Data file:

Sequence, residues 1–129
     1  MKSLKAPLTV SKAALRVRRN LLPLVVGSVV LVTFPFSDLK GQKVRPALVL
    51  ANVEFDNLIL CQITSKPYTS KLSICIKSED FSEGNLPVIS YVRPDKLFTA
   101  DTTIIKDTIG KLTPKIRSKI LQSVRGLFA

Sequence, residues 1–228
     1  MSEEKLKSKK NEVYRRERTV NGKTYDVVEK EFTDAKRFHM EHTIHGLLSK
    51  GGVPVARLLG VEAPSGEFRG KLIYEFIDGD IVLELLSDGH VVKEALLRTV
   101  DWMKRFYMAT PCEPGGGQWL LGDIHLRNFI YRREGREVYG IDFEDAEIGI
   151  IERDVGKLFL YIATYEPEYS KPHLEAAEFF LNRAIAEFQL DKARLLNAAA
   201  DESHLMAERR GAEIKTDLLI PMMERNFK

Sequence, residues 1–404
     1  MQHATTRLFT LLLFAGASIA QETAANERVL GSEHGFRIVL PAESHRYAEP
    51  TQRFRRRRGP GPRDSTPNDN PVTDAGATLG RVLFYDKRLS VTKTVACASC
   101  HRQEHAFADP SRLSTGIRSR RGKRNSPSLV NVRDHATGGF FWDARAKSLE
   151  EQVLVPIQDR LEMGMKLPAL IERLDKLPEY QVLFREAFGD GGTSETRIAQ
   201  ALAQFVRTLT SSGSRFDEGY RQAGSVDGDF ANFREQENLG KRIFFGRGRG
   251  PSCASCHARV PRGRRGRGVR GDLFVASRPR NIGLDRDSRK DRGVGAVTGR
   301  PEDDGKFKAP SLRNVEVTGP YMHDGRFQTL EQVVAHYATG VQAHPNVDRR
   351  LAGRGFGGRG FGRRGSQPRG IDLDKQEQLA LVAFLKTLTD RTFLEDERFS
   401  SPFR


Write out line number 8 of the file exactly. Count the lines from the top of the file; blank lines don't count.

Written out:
   101  DWMKRFYMAT PCEPGGGQWL LGDIHLRNFI YRREGREVYG IDFEDAEIGI